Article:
From my last electronics project, I had some leftover laser diodes. Because it would be very very sad to just have them lie around, I decided I should build something out of them. And since it’s a laser, it would be stupid to do something which doesn’t exploit the coherence properties of the light it emits, no?
Thus, I attempted to build a fourier transform spectrometer. The setup is shown below.
The general concept of a fourier transform spectrometer is that you have a Michelson interferometer, but with one arm of which the length can be changed. You then record the intensity of the output beam for different arm length differences. This intensity depends on the time delay between the two interfering beams — which can be varied by changing one of the arm lengths (i.e. moving the mirror).
The resulting “arm length vs. intensity”-curve is related to the spectrum of the analyzed light: for approximately monochromatic light, like from a laser diode, you will observe a sinusoidal pattern, because the phase relation between the two beams just changes in a linear way with the difference in path length. The “waves” formed by this pattern are called fringes (or better, interference fringes). The period of these fringes is the inverse wavelength.
Since electromagnetism is linear on this power scale, i.e. different contributions (e.g. in color) to the light field simply add up to form the final result, we can thus determine the spectrum by computing the fourier transform of the observed fringe pattern.
To build a Michelson interferometer, basically you need a beam splitter, two mirrors and a light source. For optical applications, you shouldn’t use bathroom mirrors; they have the reflective coating on the back side (instead of the front) in order to protect it. That sucks though, since there is a layer of glass between the reflective coating and the beam entry, which does all sorts of funny things (effectively, it forms a cavity and acts as a comb filter with a very fine spacing; the effect is technically the same like the colored patterns created by thin oil films, just not visible to the bare eye). You can buy proper mirrors, with the coating on the front side, for a few euros off ebay (search for “laser mirror” or so).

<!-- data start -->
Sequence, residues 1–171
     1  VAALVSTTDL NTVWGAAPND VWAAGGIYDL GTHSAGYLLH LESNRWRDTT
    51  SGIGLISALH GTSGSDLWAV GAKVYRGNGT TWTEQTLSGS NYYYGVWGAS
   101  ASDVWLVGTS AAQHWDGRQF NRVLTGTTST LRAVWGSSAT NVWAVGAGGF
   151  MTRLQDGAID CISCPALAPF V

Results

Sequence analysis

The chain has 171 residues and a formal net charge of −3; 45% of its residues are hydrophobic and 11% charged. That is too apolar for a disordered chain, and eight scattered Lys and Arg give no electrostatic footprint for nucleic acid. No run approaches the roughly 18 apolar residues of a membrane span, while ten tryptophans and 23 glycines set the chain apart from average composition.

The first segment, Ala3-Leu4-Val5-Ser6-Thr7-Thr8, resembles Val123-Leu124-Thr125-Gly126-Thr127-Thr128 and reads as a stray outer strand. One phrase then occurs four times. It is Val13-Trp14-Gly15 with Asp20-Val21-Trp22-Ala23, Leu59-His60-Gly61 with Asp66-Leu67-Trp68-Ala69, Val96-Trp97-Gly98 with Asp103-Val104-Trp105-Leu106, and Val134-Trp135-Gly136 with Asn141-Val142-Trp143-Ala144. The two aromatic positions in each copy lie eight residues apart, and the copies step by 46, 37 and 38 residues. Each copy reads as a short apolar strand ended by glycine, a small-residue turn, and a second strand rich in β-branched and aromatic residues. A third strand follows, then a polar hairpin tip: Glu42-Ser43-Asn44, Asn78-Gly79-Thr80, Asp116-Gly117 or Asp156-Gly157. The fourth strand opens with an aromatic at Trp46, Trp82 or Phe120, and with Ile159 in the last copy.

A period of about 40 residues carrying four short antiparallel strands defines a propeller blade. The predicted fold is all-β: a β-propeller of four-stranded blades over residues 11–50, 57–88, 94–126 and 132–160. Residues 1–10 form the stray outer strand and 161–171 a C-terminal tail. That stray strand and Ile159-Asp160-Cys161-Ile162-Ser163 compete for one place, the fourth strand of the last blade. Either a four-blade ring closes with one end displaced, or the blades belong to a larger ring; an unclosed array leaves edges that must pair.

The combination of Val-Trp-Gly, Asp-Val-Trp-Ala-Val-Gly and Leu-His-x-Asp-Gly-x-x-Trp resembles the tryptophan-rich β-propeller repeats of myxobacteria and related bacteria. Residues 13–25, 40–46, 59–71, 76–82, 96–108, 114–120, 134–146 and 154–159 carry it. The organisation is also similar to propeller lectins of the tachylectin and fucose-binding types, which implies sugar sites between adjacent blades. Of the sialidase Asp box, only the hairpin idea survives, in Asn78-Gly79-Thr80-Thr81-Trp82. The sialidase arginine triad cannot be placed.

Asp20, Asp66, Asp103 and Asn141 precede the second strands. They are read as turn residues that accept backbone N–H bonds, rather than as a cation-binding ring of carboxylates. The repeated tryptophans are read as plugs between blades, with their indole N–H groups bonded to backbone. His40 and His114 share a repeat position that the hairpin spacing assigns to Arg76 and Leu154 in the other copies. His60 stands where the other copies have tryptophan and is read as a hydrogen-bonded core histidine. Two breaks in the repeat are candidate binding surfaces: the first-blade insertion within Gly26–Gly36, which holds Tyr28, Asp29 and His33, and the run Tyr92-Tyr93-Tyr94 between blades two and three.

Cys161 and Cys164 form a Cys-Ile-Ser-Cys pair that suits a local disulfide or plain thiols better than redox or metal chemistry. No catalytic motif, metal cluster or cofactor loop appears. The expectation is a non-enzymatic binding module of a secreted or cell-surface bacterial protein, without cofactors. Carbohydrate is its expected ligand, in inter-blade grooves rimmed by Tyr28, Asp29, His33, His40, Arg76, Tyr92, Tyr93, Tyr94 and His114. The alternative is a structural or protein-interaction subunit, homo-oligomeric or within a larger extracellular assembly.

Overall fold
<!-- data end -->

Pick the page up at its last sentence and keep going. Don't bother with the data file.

The most expensive component you simply need to buy is the beam splitter, which is a small glass cube built to split a beam entering on one side into two halves exiting at two of its other sides: one half goes straight through, one takes a 90 degree turn. It’s hard to find those for less than $30.
You also need some kind of adjustable mount for at least one of the mirrors; a Michelson interferometer is very susceptible to misalignment. The two beams combined by the beam splitter need to have the exact same direction, or you will very quickly get to the point where no interference is observable any more (the spatial pattern spacing becomes too small to see). Sub-millirad alignment is certainly necessary to get acceptable results. For this experiment, I built an adjustment table myself from two aluminum plates, three screws and plate springs; it works okay, not a precision instrument, but what do you expect for $5.
The detector is a SFH203P photodiode simply in series with a resistor; neither speed nor sensitivity are needed for this application, so it’s trivial to build. The signal is then digitized by some USB ADC board I built years ago.
The most idiotic component of the whole setup is the variable-length arm: since it is very difficult to create a movable part with something like 100 nm resolution, I glued a mirror onto an aluminum bar and only fixed the bar on one end. By changing the temperature, the aluminum expands, shifting the mirror. For 5 cm bar length, the expansion is something like 1 µm per Kelvin. The temperature is measured by a multimeter, and recorded via USB.
The actual experiment is performed by heating up the variable-length arm, then letting it cool down, recording both temperature and fringe pattern. The temperature is smoothed by fitting a model function for cooling by radiation and heat conduction to the measured values; then, the current length of the arm is computed by using the room temperature base length, and the thermal expansion coefficient of aluminum. This allows to obtain diagrams like the following for the fringe pattern versus position of the mirror:
Now, one can simply compute the fourier transform and the associated wavelengths to obtain the following spectrum with incredibly fine resolution™:
Obviously the resolution (both from the quantization and the, well, resolution point of view) is complete crap, but at least the wavelength comes out as “something in the red”, so I will call this a success. I guess the actual wavelength of the laser diode is 670 nm, and the peak is pretty close to that.